Estimate Your Retirement Budget
This retirement calculator starts with a monthly spending budget of 70% of your current gross income. In other words, if you earn $100,000 per year, the calculator assumes youll spend about $70,000 per year in retirement. To get your monthly budget, it divides that amount by 12.
Its a reasonable place to start, but there are a lot of other factors to consider. For example:
- If retirement is still many years away, your income today probably doesnt reflect what it will be when you retire.
- If you expect to downsize in your retirement, this could significantly reduce your spending, making it easier to reach your retirement savings goals.
- Paying off your mortgage is a huge life event that will reduce your spending each month by eliminating your mortgage payment.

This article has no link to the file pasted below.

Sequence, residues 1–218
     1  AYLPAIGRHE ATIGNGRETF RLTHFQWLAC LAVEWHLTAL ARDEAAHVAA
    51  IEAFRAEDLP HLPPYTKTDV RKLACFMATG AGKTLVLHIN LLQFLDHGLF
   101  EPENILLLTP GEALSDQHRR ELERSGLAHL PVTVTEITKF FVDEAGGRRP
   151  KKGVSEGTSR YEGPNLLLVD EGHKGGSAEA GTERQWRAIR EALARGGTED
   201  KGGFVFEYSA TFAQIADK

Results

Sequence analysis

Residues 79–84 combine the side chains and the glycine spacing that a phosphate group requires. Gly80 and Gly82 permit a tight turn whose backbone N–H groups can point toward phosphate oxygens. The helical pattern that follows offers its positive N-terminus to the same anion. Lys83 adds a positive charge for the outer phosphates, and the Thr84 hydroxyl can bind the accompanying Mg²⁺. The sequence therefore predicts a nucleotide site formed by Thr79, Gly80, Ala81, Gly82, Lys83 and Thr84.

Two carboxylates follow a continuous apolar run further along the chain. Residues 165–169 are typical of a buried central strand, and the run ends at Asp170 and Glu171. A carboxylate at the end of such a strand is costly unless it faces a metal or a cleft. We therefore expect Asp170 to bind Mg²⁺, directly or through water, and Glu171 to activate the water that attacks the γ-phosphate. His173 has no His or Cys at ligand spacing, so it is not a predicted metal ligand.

- Traveling in retirement can be expensive, depending on how and where you expect to travel. This and other lifestyle choices can change that estimated budget a lot.
Still, before you reduce yourself to a bare-bones budget trying to make future ends meet, work through the other factors below. There are a lot of other ways to make your retirement picture look brighter.
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Do You Have Enough Money To Retire Now
Our Retirement Savings Calculator can help you answer that question, which depends on a number of different factors, including your current age, how much you have already saved for retirement and how many years of retirement income you think you’ll need in the future. If are considering an early retirement, you will want to think about how your pension and Social Security will be affected. If you have a pension with your employer, when are you eligible to start receiving it? Will it be a lump sum payment, a monthly pension amount or both? You may begin receiving Social Security benefits as early as age 62 or as late as age 70. Keep in mind, however, that if you retire early, your benefits are reduced by a certain percentage for each month before your full retirement age.